Lead Institution: University of Manchester
    Offshore wind energy is central to UK’s ambition of reducing carbon emissions. Traditional fixed foundation wind farms have limitations due to their surrounding environment and congestion, whereas floating platforms provide utilisation of deeper waters and increased capacity, for example in the North Sea. The Floating Wind Joint Industry Project Report 2018 identified cables to be at the heart of priority innovation needs. Typically, cable assets contribute to 5-10% of the total investment costs for an offshore wind farm. However, cable failures cause the majority of the offshore power outages and account for approximately 80% of insurance claims in this industry.

    The hypothesis explored in this proposal is that repeated flexing of a cable significantly reduces the cable’s life expectancy through repeated extension and compression of the polymeric dielectric. In particular, the impact of dynamic strain on a failure mechanism known as electrical tree growth will be explored. Electrical trees are microscopic tree-like voids which grow inside the insulation that eventually lead to catastrophic asset failure. The project will work closely with ORE Catapult’s dynamic cable bend fatigue rig team in Blyth, to conduct the test trial combining the mechanical flexing and electrical treeing concurrently.
  • Cable scour from fluid-seabed interactions in regions of mobile sedimentary bedforms
    Lead Institution: Bangor University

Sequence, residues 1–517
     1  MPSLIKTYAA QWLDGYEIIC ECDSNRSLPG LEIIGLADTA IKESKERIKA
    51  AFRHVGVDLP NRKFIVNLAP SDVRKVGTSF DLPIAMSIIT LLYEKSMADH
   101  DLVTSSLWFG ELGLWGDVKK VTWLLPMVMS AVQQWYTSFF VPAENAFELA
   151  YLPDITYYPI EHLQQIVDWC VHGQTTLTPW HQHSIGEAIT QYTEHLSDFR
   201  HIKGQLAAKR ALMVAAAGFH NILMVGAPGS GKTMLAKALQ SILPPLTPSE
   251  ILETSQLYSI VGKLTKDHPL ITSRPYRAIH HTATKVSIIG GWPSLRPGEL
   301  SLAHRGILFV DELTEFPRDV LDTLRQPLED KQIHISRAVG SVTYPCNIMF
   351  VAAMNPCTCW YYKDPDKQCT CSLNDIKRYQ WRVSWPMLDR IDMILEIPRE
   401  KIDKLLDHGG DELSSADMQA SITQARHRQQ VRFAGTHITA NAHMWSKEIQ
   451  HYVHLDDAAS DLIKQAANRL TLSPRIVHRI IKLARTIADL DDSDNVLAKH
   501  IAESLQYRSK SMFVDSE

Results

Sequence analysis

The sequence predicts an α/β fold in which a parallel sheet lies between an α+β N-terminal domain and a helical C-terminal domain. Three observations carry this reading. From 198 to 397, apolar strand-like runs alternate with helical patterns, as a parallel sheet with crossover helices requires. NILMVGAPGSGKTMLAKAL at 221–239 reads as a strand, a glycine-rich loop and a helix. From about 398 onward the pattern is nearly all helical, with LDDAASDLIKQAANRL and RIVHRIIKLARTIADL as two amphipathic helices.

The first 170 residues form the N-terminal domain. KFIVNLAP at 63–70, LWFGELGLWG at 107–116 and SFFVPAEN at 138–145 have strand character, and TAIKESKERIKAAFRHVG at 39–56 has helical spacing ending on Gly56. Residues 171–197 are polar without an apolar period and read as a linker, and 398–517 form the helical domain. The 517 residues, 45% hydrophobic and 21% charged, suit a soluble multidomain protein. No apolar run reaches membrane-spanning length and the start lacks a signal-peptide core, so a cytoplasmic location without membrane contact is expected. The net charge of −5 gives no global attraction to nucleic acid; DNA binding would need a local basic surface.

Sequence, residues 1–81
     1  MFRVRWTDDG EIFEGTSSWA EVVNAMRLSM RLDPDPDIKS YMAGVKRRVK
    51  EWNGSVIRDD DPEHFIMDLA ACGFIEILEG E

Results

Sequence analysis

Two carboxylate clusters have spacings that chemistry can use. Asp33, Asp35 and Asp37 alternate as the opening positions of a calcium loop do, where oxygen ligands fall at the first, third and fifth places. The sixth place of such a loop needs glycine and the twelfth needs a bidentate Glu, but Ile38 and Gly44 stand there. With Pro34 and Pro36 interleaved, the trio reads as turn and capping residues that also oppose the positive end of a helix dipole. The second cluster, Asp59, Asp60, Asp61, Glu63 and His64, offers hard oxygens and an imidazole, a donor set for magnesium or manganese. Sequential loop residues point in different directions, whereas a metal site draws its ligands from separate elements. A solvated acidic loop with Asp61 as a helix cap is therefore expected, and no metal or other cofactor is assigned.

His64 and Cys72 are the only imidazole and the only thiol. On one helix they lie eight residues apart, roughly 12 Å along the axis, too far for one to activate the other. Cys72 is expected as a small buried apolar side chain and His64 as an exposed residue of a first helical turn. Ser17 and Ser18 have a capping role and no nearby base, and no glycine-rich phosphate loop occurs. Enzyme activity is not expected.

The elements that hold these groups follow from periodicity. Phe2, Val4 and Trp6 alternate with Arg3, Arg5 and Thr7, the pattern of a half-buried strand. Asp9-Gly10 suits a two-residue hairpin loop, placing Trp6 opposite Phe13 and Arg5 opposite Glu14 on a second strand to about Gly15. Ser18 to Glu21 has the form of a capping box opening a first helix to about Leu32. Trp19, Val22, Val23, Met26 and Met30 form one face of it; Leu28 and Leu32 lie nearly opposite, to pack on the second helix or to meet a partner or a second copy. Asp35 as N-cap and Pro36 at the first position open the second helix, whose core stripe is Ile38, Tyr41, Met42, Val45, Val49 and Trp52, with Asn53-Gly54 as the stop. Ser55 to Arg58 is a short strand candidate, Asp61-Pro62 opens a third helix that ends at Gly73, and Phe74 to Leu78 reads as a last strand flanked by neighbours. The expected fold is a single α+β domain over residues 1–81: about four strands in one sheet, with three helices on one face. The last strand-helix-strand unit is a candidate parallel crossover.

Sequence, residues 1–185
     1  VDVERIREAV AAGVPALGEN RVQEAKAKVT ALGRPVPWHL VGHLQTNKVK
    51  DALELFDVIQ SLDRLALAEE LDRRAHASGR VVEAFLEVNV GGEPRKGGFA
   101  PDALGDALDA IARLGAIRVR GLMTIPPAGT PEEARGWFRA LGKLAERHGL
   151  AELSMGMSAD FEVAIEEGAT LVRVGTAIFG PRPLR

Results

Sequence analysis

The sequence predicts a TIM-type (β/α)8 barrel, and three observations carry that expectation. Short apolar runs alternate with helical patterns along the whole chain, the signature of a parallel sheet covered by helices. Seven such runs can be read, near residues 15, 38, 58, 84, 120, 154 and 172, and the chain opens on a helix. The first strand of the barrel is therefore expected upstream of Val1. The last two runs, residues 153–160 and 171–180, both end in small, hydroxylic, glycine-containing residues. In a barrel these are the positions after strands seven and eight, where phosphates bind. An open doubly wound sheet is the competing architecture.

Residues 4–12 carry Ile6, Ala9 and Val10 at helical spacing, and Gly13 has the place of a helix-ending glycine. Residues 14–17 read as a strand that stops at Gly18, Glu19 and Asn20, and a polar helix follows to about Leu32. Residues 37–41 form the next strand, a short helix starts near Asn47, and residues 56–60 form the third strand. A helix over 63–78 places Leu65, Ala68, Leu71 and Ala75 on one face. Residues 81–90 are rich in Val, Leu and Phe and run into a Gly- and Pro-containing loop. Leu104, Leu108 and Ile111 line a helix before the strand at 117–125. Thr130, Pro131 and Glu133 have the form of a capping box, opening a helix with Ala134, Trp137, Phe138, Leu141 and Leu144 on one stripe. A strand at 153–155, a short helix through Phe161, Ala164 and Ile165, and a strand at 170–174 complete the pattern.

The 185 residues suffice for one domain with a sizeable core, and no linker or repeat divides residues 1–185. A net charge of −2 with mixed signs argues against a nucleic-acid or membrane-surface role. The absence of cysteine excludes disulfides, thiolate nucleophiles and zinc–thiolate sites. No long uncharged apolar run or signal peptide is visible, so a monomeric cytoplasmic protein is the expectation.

Growing demand for renewable forms of energy extraction highlights the essential role of subsea power cables. In 2018, UK’s operational offshore wind farms were using 1,499 km of export and >1,806 km of inter-array cables to transport 6,385 MW of electrical power. 43 array and export cable failures have been reported between 2007 and 2018, resulting from a number of reasons including sediment and sedimentary bedform mobility and accidents from e.g. dredging and benthic fishing.

    This proposal is the first to make detailed field measurements of scour development over a section of real subsea cable. Existing assessments of cable scour from state-of-the-art labs and numerical models have provided valuable insight but are inherently limited. This project aims to provide a validated benchmark scenario linking turbulent flow and scour development relevant to ORE subsea cables at local to centimetric scales. To allow industry to apply new knowledge in the development of upscaled lab experiments and numerical models to provide optimised methods for cable protection, particularly where array-scale effects may feedback to and modify seabed mobility over larger areas than expected.


Links to Industry Priorities:


We would also like to invite UK researchers and industry stakeholders within ORE to submit links to research projects, both past and present, for inclusion within the landscape.

Therefore, if you have a UK-based research project within an area of ORE that you feel is relevant to a specific research theme or challenge within the Research Landscape, click HERE to submit your research project to the research landscape


PhD projects in Offshore Renewable Energy

In order to better understand the breadth of ORE research currently being conducted in the UK, the Supergen ORE Hub has collated from its academic network, UK Centres for Doctoral Training and Industrial partners, a list of PhDs currently being undertaken in ORE.

Access a PDF of the list and find out more about including your PhD.